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Tag: FUZE Electric Scooter

Electric scooters to take to UK roads legally for the first time

Back in January, the Government announced that it would discuss the legality of electric scooters on public roads. Since then, progress has been made with the Department of Transport unveiling plans for a trial period.

 

Starting in the next few months, four areas will be treated as test grounds before new regulations are rolled out to the rest of the country. 

 

The four areas chosen are all designated ‘Future Mobility Zones’, where new and innovative solutions to the UK’s transport problems are trialled. These include Portsmouth and Southampton; the West of England Combined Authority (WECA); Derby and Nottingham; and the West Midlands.

 

Various rules and restrictions will be assessed during the test period. Amongst them, the programme will consider the minimum age of riders, speed limits, rules for helmet wearing, and requirements for insurance and licensing. 

 

It’ll also look at minimum design standards for electric scooters, and assess the safest places for riders on the road (i.e bike lanes). 

 

Range of an Electric Scooter

 

Whilst all aspects of riding electric scooters on the road will be under consideration, it’s likely that the eventual rules will be similar to those currently in force for electric bikes. This includes a minimum age of 14 for riders and speed caps of 15.5 mph (25 kph). 

 

The programme will also benefit from insights gained from other EU countries that have already legalised electric scooters for use on public roads. Issues such as inner-city speed limits and where to park dockless electric scooters in public spaces will be informed from the experience of European cities like Paris, and will ultimately help to refine the UK’s approach to legislation.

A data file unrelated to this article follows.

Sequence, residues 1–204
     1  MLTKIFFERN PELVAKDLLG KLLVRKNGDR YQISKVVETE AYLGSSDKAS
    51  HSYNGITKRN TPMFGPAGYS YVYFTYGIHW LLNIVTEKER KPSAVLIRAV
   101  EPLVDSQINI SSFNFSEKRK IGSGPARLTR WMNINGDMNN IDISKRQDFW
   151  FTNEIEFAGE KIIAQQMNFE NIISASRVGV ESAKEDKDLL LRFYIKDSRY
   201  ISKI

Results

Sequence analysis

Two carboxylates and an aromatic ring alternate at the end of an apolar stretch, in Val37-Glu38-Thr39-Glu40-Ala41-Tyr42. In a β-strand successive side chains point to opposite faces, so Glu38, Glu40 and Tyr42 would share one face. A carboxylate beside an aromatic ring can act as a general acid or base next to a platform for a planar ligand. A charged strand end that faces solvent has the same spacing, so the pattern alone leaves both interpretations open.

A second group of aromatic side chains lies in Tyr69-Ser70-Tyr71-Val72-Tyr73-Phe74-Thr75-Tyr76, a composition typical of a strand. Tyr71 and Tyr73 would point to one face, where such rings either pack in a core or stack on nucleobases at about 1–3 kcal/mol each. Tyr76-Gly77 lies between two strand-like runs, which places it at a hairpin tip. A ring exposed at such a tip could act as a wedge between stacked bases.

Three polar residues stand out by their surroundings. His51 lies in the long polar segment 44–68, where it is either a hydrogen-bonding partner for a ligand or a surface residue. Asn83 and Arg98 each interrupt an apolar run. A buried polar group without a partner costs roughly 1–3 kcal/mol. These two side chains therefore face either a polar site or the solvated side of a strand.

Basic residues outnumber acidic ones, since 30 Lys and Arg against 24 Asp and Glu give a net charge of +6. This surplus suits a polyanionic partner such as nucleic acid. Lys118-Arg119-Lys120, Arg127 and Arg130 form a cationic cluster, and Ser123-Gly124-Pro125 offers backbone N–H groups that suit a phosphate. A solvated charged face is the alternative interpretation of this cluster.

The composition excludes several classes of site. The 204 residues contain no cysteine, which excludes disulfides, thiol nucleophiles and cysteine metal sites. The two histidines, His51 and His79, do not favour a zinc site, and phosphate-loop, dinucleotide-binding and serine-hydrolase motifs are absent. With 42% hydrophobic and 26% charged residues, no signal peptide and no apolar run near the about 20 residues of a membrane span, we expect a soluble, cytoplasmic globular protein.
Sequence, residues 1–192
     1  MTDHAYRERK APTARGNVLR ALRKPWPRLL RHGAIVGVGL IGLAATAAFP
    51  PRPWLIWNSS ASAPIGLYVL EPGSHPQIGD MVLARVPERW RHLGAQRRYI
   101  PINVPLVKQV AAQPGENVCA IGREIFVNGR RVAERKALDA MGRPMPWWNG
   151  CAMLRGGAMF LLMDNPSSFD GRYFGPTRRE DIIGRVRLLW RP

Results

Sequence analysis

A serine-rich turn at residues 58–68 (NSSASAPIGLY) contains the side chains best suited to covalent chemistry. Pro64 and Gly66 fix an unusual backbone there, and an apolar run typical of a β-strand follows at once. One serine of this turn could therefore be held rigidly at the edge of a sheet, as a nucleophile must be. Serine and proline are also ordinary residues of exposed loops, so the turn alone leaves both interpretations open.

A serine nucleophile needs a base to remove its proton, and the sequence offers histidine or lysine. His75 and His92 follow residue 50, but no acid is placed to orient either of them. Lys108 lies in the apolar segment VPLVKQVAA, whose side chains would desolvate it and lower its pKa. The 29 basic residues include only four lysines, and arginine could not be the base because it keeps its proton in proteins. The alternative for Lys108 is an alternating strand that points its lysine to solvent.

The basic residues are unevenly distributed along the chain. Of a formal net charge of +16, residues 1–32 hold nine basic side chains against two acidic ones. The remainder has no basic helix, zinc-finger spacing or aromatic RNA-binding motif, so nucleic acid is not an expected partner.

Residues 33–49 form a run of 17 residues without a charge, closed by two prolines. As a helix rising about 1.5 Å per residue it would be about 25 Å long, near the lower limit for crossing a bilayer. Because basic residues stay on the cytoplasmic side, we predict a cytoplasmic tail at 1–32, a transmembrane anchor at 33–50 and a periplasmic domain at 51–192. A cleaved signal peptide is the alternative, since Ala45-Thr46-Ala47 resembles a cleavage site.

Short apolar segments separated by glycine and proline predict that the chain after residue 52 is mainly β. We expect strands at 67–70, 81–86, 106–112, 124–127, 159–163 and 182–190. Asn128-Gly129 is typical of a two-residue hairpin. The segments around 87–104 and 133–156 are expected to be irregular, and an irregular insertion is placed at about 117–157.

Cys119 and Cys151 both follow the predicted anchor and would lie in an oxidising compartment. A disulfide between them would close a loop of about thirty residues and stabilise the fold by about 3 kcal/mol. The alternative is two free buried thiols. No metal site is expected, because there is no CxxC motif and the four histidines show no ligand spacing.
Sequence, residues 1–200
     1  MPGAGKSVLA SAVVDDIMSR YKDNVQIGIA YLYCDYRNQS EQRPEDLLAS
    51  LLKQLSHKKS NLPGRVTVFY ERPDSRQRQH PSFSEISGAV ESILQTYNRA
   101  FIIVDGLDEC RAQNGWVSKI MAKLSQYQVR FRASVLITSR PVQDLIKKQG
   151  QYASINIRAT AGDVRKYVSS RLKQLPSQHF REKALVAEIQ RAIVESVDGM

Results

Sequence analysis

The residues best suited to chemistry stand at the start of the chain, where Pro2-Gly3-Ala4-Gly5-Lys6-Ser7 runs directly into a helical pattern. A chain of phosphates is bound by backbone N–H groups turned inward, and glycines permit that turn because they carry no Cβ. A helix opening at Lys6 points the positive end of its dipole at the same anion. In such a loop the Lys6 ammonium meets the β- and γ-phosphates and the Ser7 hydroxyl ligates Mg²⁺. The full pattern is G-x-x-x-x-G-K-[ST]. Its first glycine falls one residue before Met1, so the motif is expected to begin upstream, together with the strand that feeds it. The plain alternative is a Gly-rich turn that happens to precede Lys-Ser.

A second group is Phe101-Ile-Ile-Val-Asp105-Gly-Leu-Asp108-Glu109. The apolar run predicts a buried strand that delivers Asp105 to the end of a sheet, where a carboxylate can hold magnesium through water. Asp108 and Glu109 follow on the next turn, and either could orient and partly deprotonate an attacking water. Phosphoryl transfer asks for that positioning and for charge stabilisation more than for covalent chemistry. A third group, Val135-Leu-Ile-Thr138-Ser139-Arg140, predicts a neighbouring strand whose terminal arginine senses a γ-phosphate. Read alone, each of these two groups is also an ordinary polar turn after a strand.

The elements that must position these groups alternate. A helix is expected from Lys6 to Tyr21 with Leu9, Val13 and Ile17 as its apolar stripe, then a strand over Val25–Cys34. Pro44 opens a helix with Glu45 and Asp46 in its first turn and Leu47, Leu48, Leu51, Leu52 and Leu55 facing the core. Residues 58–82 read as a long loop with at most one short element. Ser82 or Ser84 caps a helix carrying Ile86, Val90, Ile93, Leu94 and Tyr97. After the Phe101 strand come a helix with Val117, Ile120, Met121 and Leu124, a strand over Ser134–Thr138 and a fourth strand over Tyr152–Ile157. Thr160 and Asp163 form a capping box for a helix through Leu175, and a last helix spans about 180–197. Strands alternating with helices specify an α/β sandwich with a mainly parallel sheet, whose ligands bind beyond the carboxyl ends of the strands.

The exploration into more agile, electric vehicles by the UK government represents a commitment to more environmentally-friendly ways of travel, especially in urban environments. 

 

Alok Sharma, Secretary of State for Business, Energy and Industrial Strategy, stated: 

“Decarbonising transport is key to ending our contribution to climate change. This review could drive down transport emissions by making greener ways to travel available to more people. Future Transport Zones will also help to spur low carbon innovation by providing our best and brightest researchers with testing facilities for the clean transport technologies of the future.”

 

Alongside the trialling of electric scooters on public roads, other technology-led transport solutions will be tested out. This includes the transportation of medical supplies via drone to the Isle of Wight and an app-based booking system for public transport.